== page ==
A scientist who aided the death of his terminally ill mother says he has been made a criminal for doing "the compassionate thing".
Sean Davison was cleared yesterday of attempted murder after agreeing to plead guilty to a lesser charge of inciting and procuring the suicide of 85-year-old Patricia Davison in 2006.
After being released on bail on the fourth day of his trial in the High Court at Dunedin, the 50-year-old microbiologist said: "I did not murder my mother, or attempt to murder her.
"What I did to help my mother at the end of her life, I did for the love of my mother, to honour her wishes."
The South African-based professor said he had done "the compassionate thing that I believe any humane person would have done - but I am now a criminal".
"How can our country allow this to happen in what we consider to be a civilised society?"
Davison gave his mother crushed morphine tablets in water on October 24, 2006.
He then wrote about her death in the 2009 book, Before We Say Goodbye.
Outside the court yesterday, he described the court process and his plea on the alternative charge as "a very stressful experience".
He said he had never denied assisting the suicide of his mother.
Other euthanasia campaigners would say yesterday's court decision was "a victory for the cause", Davison said.
"Maybe in the days to come I will agree with them. But for me, my family and the memory of my mother, today's court decision is a personal tragedy."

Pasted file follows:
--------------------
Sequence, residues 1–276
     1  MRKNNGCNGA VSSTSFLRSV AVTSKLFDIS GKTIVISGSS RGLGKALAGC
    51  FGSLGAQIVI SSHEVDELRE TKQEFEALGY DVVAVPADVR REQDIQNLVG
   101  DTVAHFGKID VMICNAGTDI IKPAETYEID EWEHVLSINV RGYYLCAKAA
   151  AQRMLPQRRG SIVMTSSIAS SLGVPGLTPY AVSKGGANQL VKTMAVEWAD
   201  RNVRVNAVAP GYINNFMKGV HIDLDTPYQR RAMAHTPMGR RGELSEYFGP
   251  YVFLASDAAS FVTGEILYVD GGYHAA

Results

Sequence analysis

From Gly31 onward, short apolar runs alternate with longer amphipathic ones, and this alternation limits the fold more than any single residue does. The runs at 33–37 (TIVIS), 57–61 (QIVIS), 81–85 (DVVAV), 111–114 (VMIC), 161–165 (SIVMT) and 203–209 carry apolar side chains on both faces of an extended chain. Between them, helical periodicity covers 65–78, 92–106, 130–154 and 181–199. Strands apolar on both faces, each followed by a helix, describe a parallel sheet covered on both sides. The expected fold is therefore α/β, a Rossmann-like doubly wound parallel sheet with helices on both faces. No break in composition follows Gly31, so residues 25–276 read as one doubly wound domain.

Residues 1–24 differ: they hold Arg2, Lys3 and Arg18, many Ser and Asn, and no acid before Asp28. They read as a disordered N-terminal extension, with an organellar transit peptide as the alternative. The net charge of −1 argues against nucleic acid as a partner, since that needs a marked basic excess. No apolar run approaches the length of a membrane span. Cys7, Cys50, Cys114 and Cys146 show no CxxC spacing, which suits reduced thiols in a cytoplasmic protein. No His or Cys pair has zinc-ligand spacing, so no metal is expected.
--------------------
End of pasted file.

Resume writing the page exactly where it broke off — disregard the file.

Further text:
Justice Christine French remanded Davison for sentencing on November 24, directing that the pre-sentencing report consider the possibility of an electronically monitored penalty.
Davison's book did not give a precise account of how he helped his mother to die. But the original manuscript, which was leaked, told how he gave her a lethal dose of morphine.
He admitted as such in an interview with the Herald on Sunday in 2009.
His case reignited the euthanasia debate in New Zealand.
Voluntary Euthanasia NZ secretary Pat Hubbard said Davison's plea had taken the group by surprise.
"He clearly didn't want to murder her in the ordinary sense of that term. He came to help her. And what she wanted help with was dying."
Right to Life spokesman Ken Orr said he had compassion for people in Davison's position, but voluntary euthanasia was a "dangerous road".
- Otago Daily Times, additional reporting: Nicholas Jones